China Trade Deal; Deficit Debate, Charitable Gifts, Cell Phone, Habits and (and More!)

Posted in , By David Robinson

While trade negotiations with China hog the headlines, there is more to explore, including an emerging national debate over the significance of the U.S. deficit. We also encourage our readers to plan any charitable giving earlier in the year in order to maximize potential tax benefits.

  • China Trade Deal Close? Numerous sources report that a trade agreement with China is close to done. The agreement will reduce tariffs imposed by both countries, enabling the U.S. to export more goods to China. Whether it will ultimately lead to meaningful structural reform on China’s part will take time to evaluate. The New York Times and Goldman Sachs provide detailed assessments. Meanwhile, the U.S. trade deficit has dramatically increased, and data mounts that the trade wars are hurting the U.S. economy.
  • Does the Deficit Matter? Washington (i.e., Congress and the Executive Branch) has essentially ignored the massive and growing U.S. deficit the last couple of years. Now some are arguing that the deficit may be less of a problem than previously thought. Read "How America Learned to Stop Worrying and Love Deficits and Debt" for a good primer on less conventional points of view. Fed Chair Jerome Powell isn’t buying “deficit denial” and levels a broadside attack on Modern Monetary Theory, which essentially says that deficits don’t matter that much.
  • Bunching Charitable Contributions: Schwab explains how to "bunch" charitable contributions in order to maximize itemized deductions in some tax years. Those subject to IRA Required Minimum Distributions should consider charitable giving from their IRAs, as we have advised before. Please understand that the old practice of deferring charitable gift planning until late in the year can be costly in terms of missed tax benefits.
  • Recession Forecasting: Fears of a recession in 2019 have receded significantly. Ray Dalio, the legendary hedge fund investor, feels more positive due to the Fed’s new found dovish stance. One economic survey gives high odds on a recession by 2021. Keep in mind that the statistical validity of economic forecasting takes a dive beyond a two year period.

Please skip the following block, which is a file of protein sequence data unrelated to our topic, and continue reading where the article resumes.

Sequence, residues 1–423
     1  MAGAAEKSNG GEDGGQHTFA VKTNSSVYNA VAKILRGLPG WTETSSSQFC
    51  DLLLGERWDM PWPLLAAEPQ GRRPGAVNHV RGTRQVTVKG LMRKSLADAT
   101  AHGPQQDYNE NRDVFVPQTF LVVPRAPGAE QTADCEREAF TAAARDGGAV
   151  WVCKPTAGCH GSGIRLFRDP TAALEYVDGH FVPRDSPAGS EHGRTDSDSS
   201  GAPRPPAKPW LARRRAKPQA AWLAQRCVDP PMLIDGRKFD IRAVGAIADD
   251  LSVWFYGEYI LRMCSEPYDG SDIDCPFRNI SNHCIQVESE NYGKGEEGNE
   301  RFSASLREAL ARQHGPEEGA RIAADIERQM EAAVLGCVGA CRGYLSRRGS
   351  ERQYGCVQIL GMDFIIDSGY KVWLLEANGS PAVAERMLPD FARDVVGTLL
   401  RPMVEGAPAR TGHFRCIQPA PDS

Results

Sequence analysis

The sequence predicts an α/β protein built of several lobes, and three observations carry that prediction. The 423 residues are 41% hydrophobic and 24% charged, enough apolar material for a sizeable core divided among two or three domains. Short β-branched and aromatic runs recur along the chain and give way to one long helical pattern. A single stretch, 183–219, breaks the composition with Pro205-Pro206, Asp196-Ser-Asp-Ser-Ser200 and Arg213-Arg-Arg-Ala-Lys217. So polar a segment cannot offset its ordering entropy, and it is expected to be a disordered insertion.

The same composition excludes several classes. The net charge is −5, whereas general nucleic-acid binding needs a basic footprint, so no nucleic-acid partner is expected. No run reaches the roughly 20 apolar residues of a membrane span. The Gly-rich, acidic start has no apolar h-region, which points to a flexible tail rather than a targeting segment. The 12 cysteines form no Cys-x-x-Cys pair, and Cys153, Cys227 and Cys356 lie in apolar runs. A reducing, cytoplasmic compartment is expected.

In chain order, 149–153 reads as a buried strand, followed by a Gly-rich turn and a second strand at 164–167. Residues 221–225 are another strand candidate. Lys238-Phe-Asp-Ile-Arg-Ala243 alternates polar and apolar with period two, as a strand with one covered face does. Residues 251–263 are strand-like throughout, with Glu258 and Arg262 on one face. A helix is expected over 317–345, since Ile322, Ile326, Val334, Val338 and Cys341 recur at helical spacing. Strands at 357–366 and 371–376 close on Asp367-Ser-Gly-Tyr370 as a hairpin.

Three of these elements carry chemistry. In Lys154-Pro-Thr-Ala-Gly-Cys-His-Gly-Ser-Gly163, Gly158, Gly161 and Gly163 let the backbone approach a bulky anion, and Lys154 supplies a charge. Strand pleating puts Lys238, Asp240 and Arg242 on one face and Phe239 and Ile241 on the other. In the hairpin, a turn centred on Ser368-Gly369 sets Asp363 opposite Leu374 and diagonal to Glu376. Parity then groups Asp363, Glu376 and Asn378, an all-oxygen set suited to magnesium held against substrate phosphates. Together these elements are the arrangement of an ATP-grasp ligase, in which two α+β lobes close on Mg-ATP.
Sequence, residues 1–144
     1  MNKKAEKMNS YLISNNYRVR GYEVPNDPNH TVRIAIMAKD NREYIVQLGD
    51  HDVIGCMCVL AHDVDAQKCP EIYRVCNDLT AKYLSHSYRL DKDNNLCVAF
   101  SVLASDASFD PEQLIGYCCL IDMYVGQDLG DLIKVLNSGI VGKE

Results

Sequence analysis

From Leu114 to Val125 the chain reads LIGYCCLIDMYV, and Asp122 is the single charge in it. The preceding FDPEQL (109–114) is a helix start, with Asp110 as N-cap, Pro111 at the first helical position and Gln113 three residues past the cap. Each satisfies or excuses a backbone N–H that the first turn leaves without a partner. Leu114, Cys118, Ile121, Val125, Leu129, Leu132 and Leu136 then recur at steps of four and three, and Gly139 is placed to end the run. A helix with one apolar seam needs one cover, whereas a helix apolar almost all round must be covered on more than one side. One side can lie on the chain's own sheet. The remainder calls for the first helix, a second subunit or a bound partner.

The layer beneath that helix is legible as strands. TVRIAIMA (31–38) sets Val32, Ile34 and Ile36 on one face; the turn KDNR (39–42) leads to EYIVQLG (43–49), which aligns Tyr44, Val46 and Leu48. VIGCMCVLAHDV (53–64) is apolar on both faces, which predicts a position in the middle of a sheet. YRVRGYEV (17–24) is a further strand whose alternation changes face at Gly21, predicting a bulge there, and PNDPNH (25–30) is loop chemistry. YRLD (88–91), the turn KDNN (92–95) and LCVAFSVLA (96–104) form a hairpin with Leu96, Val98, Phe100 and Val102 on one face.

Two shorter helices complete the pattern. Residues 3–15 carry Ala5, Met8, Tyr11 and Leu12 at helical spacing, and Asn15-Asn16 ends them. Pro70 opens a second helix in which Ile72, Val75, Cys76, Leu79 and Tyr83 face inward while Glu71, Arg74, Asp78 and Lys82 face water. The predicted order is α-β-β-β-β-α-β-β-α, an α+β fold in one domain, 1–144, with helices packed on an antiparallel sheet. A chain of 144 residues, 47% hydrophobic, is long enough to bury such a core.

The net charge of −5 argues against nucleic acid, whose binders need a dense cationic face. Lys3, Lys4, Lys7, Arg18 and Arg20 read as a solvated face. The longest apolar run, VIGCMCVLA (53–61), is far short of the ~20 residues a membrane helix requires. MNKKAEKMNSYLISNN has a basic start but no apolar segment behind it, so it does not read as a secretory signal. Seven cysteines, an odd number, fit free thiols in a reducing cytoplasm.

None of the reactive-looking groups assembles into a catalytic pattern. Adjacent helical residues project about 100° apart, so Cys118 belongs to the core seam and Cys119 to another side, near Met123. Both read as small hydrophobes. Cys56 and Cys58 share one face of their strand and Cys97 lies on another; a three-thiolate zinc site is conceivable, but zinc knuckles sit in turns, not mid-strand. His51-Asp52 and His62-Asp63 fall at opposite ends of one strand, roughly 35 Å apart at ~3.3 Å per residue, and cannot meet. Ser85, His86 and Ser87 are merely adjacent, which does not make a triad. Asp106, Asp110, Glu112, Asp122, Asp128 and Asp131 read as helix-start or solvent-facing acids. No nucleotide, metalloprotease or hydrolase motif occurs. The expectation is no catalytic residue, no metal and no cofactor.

• Tethered to Your Cell Phone? Is it unthinkable to not have a smartphone these days? This fellow ditched his in an effort to reclaim his brain. There are options for those concerned that their smartphone is taking up too much mental shelf space. Still in development, a phone like the Light Phone 2, might interest those who want basic communication features but don’t want their phone to be an entertainment device.
  • Tiny Habits: A well-known quote, sometimes attributed to Aristotle and sometimes to Will Durant, claims that “We are what we repeatedly do. Excellence, then, is not an act, but a habit.” BJ Fogg, a Stanford professor, is the go-to thinker when it comes to habits. Fogg has designed a simple but effective online program called Tiny Habits to enable almost anyone to work on habit creation and change. It is deceptively powerful and free for now.
  • The Border: Don Winslow is the author of a fiction thriller trilogy about the war on drugs that concludes with The Border. The New York Times calls it "stunning". I agree.

Feel free to send us feedback on any topic or make a request or to forward the notes on to anyone who might be interested.

david-robinson

About the Author David Robinson

A wealth advisor with more than 25 years of experience in the financial field, Dave serves as Robinson Smith Wealth Advisors’ Co-Chief Investment Officer and is a Co-Managing Member of the firm. As a Certified Financial Planner® and non-practicing attorney, he provides clients with deep expertise in areas including investment management and retirement planning.
Disclaimer and Disclosures: Past performance is no guarantee of future results. The information provided here is for general informational purposes only and should not be considered an individualized recommendation or personalized investment advice. Our opinions are subject to change without notice as market and economic conditions shift.